One of the best photos we’ve taken on this trip. In Japan using the low light setting.

The camera works exceptionally well, shoots outstanding digital video and has some nifty settings like Handheld Nightscene, Slow motion film, vivid setting and more. I do wish that I was a master of some of the more advanced functions on the manual settings so I could really get the most out of some photo opportunities. Like creating a silhouette of Brooke in front of a Japanese garden. or catching the low-light moon rise over the Bucharest train station. But, in any case, I’ve gotten some amazing photos out of it so far

Another small piece of technology that Brooke said I should add this to this list is a simple but important one: Our ATM card. Being able to withdrawal the local currency day and night has been a huge assist. Even in remote places, we haven’t had any trouble finding cash machines and, not surprisingly, ATMs are kind of the same the world over. It’s meant not worrying about banks, travelers checks and visits to exchange windows only when dealing in left over cash. It’s these small pieces of technology that makes taking this kind of trip in 2012 certainly a lot easier than taking it in 1962. And of course, we also have the last essential component: a large bag full of chargers and world-wide plug adapters! Certainly this trip would be possible without any gadgets or gizmos, but for the sake of ease and sanity, they are a “must-have” for us.

-Phil

Categories: Cell Phones, Communication, Eastern Europe, Iphone Apps, Packing, Rail, Trains, Trip Prep, Uncategorized | Tags: , , , , , , , , , , , , , | 2 Comments

Napier – On The East Coast of New Zealand

Welcome to NapierSalutations from another locale in New Zealand- Napier. Today, we made thee short hop out of Rotorua and smack dab on to the west coast of the North Island. We packed up our Spaceship, stopped at the local post office to mail some postcards home to friends & family and began our trek fairly early. Our roads today were marked as the Thermal Explorer Highway which logically would qualify us as documented Thermal Explorers. Hmmm…I better get that on my LinkedIn profile ASAP.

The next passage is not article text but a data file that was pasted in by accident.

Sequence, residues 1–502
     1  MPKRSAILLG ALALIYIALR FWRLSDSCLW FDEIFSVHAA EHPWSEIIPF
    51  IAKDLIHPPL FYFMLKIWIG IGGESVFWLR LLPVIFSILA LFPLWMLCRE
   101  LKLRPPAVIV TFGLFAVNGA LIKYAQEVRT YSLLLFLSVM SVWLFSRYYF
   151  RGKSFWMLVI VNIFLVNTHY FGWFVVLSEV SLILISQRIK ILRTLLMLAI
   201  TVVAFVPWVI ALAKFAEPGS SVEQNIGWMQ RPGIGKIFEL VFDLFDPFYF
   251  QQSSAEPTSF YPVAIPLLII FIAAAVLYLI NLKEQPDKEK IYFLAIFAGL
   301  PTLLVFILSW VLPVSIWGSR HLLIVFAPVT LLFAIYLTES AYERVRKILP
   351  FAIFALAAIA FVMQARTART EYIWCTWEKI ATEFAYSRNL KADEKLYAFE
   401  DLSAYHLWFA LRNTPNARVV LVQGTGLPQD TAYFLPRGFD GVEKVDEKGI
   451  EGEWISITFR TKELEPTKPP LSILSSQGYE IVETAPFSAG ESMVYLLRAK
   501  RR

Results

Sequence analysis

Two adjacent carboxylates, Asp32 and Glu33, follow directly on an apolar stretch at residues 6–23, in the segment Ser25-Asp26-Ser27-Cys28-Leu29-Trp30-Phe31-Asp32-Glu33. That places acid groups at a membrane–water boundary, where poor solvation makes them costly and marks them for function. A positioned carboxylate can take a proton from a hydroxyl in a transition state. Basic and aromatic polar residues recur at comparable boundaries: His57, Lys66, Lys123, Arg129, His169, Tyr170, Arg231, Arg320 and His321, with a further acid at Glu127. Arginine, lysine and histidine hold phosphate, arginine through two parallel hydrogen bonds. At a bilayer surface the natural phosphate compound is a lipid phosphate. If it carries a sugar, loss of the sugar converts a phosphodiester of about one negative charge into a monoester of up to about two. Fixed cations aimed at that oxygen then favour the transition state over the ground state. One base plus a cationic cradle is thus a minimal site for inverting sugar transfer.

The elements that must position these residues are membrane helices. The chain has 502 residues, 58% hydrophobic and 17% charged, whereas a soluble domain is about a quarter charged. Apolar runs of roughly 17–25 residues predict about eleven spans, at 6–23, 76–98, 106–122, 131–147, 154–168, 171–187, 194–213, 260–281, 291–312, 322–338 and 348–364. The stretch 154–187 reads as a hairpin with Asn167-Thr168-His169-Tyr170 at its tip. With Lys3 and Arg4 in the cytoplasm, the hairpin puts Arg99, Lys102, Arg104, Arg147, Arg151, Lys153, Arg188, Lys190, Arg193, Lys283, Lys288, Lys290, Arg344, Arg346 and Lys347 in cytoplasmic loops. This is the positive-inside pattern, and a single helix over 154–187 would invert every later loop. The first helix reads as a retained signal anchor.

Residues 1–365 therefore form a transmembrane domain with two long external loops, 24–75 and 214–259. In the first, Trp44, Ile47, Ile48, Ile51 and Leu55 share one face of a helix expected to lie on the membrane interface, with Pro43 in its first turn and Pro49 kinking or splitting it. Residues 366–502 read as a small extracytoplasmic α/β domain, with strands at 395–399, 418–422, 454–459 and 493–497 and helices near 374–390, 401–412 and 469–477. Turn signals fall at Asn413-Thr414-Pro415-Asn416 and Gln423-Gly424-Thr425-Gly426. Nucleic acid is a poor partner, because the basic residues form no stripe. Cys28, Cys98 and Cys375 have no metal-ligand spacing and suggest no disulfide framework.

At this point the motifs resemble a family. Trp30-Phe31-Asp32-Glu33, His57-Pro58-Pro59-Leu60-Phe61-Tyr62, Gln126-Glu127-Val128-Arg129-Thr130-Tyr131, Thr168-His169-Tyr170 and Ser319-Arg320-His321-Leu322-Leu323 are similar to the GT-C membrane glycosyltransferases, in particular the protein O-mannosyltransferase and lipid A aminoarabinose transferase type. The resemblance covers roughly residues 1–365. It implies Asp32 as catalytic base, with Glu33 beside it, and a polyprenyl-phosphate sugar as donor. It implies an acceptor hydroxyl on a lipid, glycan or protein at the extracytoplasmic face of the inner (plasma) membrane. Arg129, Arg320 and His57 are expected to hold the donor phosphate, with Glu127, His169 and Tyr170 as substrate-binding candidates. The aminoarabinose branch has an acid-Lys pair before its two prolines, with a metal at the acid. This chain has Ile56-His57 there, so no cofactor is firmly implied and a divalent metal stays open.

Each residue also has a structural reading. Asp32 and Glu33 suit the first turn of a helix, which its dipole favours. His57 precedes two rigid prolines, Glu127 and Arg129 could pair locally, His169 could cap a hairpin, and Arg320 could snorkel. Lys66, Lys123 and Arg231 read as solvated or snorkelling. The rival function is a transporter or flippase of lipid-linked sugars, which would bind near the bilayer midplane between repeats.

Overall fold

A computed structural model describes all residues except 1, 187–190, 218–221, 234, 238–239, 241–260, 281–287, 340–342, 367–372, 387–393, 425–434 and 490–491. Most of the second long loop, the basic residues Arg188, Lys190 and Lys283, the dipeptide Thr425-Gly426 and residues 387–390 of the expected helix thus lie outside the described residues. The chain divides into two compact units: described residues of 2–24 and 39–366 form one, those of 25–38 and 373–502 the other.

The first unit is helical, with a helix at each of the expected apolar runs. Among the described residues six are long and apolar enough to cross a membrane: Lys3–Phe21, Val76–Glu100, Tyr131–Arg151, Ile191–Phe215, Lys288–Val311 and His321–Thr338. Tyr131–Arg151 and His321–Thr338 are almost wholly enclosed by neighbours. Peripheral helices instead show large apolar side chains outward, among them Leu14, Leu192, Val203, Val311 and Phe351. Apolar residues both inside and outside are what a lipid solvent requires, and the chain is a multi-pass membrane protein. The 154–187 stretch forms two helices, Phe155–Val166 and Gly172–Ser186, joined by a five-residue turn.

Amazing Views continueAs with other drives we’ve conquered, today was a bit of Adventure Driving. Two lane divided highways through sharp curves and up and down mountains makes for some serious head’s-up motoring. But the stunning views through dramatic changes in topography over the course of just a couple hundred kilometers make up for it. Scenic? Not even close. The sites of mountains, sloping hills and more are the very definition of majestic. We now have had a chance to drive through both the east coast and west coast of the North Island of New Zealand. Both are relatively different with the east coast delivering more mountain ranges. However, no matter where you drive, you’re sure to see lots of grazing sheep happily gallivanting and lots of roundabout traffic circles. Yup. Sheep and roundabouts. Just make it the New Zealand motto.

The Criterion HostelBefore long, we were cruising into Napier and stumbling across the western edge of New Zealand. Nothing but ocean in front of us. Napier sits right on the coast and is chic, sunny and warm. The town has a very different vibe than Rotorua and is laced with endless charming cafes downtown. As with each town before it, Napier is already different from each town we have already visited. We quickly found a hostel (with the help of Lonely Planet) that was centrally located and was just what we were looking for. The Criterion Hostel offers a solid deal, free breakfast and oozes a bit of charm in an art deco style building.

Some Prime Art DecoA bit about Napier: The town is best known for a horrific 1931 earthquake that was New Zealand’s worst natural disaster and the corresponding rebuilding that established the town as the Art Deco capital of the world. There are markers and tributes to the earthquake everywhere and the art deco style is universal. What’s truly fascinating is that the earthquake ADDED almost 40 sq km of NEW land to the city that had previously been swamp land. When the city rebuilt, a very deliberate decision was made to create almost everything in the style of the day: Art Deco. In fact, it’s hard to spend an afternoon in Napier without being constantly reminded of the towns two claims to fame. They are touted heavily everywhere. Even more recent construction keeps with the Art Deco theme and while I don’t know I.M. Pei from I.B.M. the buildings really do standout and have a great look to them. The hilly residential section near downtown reminded me a lot of San Francisco. We’re glad to be here, even if its just for a day. It’s been fun to kick around the town for a while.